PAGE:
Low Serum Urate Level Tied to Low Lean Mass, Underweight


WEDNESDAY, Aug. 17, 2022 — Low serum urate (SU) concentrations are associated with low lean mass, underweight, and higher rates of weight loss, according to a study published online Aug. 17 in Arthritis & Rheumatology.

Joshua F. Baker, M.D., from the Corporal Michael J. Crescenz Veterans Affairs Medical Center in Philadelphia, and colleagues used data from the National Health and Nutrition Examination Survey to examine the relationship between low SU and body composition and whether this relationship confounded the association between SU and mortality.

The researchers found that low SU concentrations were associated with low lean mass, underweight body mass index, and higher rates of weight loss among the 13,979 participants. The proportion of patients with low appendicular lean mass index z-scores was 29 and 16 percent in the low and normal SU groups, respectively. Before adjusting for body composition, low SU was associated with increased mortality, but the association was no longer statistically significant after adjustment for body composition and weight loss.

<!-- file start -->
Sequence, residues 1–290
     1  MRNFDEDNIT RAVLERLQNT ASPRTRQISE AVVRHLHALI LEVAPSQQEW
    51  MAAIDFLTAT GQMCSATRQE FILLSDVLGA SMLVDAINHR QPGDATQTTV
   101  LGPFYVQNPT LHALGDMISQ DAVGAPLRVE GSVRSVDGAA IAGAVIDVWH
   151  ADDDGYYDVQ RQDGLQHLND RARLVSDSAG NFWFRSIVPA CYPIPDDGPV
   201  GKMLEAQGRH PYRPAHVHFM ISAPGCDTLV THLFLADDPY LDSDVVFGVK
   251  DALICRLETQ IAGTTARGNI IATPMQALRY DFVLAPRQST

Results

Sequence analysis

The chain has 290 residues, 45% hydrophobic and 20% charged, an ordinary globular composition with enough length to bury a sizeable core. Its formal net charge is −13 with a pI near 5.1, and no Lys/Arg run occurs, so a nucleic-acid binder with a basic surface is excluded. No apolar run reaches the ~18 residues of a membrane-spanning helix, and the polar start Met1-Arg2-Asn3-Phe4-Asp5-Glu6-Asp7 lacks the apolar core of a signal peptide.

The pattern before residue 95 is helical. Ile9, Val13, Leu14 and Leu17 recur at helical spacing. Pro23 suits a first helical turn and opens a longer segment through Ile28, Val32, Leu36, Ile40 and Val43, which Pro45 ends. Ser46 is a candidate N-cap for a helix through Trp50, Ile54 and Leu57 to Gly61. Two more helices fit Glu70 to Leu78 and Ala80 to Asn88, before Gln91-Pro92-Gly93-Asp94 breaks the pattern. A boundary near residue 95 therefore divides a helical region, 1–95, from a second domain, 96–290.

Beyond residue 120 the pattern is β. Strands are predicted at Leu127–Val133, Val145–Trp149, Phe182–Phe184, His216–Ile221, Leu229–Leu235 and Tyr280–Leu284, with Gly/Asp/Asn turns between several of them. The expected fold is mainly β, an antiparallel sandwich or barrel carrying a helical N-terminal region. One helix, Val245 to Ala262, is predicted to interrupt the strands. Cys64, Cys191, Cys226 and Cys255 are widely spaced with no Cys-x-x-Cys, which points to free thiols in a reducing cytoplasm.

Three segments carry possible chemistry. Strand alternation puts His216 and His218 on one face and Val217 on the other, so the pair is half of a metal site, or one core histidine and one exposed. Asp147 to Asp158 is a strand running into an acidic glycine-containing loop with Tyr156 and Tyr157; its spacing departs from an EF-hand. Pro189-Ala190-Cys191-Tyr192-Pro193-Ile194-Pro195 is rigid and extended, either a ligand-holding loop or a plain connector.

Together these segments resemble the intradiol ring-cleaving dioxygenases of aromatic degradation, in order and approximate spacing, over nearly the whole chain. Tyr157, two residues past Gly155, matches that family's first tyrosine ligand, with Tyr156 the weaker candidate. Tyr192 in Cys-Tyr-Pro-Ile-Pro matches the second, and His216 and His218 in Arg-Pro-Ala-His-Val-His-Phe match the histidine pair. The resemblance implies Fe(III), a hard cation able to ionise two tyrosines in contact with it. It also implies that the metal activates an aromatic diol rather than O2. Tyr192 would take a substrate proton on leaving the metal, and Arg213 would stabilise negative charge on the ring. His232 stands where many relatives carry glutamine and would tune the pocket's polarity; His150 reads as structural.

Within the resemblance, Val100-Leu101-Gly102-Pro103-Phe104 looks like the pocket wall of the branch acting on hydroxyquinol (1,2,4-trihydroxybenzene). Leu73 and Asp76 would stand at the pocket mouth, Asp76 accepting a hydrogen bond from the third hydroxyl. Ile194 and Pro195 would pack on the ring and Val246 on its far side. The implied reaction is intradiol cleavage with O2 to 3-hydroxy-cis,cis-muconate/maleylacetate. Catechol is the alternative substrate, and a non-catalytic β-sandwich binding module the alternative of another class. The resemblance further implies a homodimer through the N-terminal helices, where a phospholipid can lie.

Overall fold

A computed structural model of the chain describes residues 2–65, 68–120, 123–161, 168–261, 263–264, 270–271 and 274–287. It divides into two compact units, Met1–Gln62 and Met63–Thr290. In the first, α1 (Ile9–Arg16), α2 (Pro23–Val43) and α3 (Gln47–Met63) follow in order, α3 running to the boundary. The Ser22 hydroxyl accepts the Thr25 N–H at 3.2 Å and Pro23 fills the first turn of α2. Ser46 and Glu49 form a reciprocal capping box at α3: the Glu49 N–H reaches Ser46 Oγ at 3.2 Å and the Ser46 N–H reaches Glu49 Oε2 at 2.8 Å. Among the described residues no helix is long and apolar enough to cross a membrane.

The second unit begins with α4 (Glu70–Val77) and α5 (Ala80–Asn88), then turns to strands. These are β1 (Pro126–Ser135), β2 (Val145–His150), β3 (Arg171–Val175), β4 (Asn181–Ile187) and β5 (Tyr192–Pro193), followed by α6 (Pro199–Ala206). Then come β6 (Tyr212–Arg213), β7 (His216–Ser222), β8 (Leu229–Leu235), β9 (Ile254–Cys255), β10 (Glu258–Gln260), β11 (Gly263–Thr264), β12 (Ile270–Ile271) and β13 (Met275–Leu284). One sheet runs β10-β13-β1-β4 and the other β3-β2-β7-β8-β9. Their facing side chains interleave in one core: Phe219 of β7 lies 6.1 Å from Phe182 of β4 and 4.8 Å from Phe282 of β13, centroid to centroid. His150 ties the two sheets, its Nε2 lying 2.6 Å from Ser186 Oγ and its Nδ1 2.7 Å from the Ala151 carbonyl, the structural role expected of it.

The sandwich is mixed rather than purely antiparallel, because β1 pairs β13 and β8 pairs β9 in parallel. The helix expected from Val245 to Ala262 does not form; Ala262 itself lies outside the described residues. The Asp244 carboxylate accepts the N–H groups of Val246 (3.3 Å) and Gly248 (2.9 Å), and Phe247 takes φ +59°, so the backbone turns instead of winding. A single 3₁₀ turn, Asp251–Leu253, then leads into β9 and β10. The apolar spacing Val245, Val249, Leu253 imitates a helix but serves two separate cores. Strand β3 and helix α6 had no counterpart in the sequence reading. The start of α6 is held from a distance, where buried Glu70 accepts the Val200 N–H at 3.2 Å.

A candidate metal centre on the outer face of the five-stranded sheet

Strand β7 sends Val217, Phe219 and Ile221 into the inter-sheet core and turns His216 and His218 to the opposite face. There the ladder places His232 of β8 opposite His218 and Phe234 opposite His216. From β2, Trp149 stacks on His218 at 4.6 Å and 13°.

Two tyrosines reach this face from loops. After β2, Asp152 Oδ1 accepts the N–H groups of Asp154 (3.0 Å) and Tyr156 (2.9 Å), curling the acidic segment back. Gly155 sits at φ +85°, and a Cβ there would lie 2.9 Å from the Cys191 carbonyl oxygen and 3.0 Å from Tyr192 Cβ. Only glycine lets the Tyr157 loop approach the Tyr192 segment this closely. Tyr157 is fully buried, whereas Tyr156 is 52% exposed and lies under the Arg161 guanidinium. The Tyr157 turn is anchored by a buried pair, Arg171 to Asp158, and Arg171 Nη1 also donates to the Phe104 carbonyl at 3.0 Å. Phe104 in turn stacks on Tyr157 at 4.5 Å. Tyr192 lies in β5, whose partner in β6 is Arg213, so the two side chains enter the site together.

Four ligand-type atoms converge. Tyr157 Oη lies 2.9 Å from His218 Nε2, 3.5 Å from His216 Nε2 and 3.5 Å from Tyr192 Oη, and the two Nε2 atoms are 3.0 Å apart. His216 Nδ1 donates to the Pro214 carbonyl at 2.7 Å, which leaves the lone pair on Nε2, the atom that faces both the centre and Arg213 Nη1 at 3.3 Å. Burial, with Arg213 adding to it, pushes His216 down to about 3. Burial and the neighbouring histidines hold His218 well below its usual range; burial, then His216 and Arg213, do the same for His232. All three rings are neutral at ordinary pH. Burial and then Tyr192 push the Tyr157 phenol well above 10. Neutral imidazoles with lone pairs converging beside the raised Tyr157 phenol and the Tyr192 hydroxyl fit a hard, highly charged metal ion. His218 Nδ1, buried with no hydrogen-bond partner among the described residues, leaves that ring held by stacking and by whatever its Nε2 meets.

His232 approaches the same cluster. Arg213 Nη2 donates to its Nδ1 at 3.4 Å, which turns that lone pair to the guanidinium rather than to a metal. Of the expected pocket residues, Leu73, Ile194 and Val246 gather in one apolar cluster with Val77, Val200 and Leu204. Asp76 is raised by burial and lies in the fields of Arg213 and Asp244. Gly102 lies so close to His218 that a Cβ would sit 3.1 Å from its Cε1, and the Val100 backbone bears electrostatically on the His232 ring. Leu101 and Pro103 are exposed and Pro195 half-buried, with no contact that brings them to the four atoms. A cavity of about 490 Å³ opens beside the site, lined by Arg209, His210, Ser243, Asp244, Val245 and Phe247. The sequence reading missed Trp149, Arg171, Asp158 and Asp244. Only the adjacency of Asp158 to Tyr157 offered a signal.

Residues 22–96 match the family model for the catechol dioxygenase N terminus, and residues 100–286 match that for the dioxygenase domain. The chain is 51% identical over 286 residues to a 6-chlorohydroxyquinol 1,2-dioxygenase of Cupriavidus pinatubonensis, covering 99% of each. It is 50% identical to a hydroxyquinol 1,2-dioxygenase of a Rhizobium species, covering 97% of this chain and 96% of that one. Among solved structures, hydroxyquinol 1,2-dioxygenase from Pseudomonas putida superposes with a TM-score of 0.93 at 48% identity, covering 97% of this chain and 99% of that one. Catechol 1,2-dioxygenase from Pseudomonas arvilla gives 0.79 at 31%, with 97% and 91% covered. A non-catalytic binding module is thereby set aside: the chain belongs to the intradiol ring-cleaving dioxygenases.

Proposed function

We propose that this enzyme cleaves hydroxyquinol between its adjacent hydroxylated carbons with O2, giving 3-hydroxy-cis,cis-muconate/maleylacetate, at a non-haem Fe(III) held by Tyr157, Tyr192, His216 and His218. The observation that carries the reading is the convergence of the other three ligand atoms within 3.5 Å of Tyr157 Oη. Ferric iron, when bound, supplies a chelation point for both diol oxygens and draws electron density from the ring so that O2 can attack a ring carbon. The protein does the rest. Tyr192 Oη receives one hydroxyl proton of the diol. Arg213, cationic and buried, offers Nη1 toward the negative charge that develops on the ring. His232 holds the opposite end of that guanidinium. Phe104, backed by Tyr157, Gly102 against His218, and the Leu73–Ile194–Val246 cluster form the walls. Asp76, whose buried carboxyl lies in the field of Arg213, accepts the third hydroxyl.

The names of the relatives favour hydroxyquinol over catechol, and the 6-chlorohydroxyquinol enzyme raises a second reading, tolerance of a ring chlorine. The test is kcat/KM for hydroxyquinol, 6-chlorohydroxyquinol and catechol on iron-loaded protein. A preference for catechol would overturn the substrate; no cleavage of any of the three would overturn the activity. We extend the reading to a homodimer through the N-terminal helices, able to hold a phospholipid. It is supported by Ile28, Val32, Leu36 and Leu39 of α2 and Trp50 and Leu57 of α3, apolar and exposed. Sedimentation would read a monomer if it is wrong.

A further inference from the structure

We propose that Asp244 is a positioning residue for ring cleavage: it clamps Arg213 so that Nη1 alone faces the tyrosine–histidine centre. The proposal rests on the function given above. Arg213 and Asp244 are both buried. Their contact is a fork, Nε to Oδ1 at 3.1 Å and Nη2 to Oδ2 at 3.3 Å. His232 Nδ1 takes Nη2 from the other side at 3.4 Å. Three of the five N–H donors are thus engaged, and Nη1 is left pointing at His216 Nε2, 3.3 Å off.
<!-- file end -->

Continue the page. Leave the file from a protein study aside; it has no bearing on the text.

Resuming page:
“These observations support what many have intuited, namely that people with low serum urate levels have higher mortality and worse outcomes not because low urate is bad for health, but rather that low urate levels tend to occur among sicker people, who have lost weight and have adverse body composition,” Baker said in a statement.

Abstract/Full Text (subscription or payment may be required)

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